The discussion ended with you, Lee and, I think, Brandt all agreeing that some of the objects embodied something essential to human experience, something that transcends cultures and time and it is this that enables them to carry such a profound impact even though we know so little about the context from which they come. I think this is a wonderful concept and wish I could fully embrace it, but it is bit too romantic, it requires a bit too much faith and I find the skeptic in me beginning to smirk. I find myself asking, wanting to ask, what is this “essential” thing and how do these objects embody it?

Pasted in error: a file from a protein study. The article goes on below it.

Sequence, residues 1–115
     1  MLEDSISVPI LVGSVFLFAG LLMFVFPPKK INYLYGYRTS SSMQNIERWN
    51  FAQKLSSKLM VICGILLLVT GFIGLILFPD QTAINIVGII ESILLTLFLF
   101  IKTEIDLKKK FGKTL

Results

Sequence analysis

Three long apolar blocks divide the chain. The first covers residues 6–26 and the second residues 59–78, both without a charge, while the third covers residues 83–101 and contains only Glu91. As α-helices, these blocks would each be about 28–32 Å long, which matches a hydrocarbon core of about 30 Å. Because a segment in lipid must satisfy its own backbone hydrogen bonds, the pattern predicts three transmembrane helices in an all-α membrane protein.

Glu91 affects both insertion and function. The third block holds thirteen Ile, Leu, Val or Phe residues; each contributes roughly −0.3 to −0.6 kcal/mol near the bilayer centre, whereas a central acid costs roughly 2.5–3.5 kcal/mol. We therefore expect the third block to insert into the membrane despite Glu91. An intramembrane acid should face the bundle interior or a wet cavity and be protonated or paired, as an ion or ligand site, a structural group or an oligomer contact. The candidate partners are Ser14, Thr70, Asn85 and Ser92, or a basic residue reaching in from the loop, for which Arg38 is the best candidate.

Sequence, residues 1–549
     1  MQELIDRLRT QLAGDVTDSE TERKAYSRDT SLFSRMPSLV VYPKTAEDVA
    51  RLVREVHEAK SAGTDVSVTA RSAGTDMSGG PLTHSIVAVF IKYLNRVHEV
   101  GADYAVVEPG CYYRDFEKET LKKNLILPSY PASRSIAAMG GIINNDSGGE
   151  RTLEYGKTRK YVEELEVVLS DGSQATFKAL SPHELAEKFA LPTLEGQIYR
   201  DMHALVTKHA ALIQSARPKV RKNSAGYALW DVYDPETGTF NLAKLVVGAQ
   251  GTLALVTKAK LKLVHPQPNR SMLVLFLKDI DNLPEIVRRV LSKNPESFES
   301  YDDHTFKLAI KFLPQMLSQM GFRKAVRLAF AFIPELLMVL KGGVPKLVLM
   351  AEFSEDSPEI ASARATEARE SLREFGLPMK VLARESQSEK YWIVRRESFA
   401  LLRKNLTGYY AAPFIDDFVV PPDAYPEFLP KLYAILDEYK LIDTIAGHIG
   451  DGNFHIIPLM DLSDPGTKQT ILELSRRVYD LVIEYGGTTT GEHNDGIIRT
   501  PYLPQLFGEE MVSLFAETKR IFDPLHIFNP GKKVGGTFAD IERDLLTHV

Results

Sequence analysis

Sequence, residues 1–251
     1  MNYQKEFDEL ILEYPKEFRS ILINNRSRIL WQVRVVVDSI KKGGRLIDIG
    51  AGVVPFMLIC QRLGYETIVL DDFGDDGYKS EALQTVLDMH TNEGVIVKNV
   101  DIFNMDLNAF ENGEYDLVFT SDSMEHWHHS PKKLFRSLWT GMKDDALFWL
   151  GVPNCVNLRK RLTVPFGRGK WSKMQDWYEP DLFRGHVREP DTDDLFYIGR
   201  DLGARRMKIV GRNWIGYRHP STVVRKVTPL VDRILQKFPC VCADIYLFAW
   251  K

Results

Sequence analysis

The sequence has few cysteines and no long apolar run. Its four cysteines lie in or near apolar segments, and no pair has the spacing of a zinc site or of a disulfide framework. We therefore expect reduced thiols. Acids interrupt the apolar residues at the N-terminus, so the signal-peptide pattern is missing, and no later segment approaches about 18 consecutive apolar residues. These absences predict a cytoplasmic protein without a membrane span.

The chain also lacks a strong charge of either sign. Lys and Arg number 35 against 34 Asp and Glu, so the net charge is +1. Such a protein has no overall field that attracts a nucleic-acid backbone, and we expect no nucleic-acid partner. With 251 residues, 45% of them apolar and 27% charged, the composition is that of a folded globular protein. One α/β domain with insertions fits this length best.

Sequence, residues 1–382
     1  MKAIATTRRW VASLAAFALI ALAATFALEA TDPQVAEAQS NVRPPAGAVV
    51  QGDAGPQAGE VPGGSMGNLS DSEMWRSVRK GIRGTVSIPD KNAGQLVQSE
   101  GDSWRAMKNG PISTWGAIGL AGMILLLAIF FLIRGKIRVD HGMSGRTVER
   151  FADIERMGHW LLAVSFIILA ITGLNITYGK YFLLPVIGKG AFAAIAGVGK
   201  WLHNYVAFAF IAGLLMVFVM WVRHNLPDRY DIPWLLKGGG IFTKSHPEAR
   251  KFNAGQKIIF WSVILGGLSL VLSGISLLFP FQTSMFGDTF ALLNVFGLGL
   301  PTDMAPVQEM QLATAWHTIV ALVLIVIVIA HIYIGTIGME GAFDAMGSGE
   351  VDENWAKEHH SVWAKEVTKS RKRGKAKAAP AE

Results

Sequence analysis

I believe I have told you before that as a child I used to try to visualize the shape of the soul – I no longer do that. I no longer believe that we have a separate organ that resides within us and is eternal.

    Well, there is more to be said, there always is so I will leave it there for now – I have to go and help make dinner!

    Best, Garth.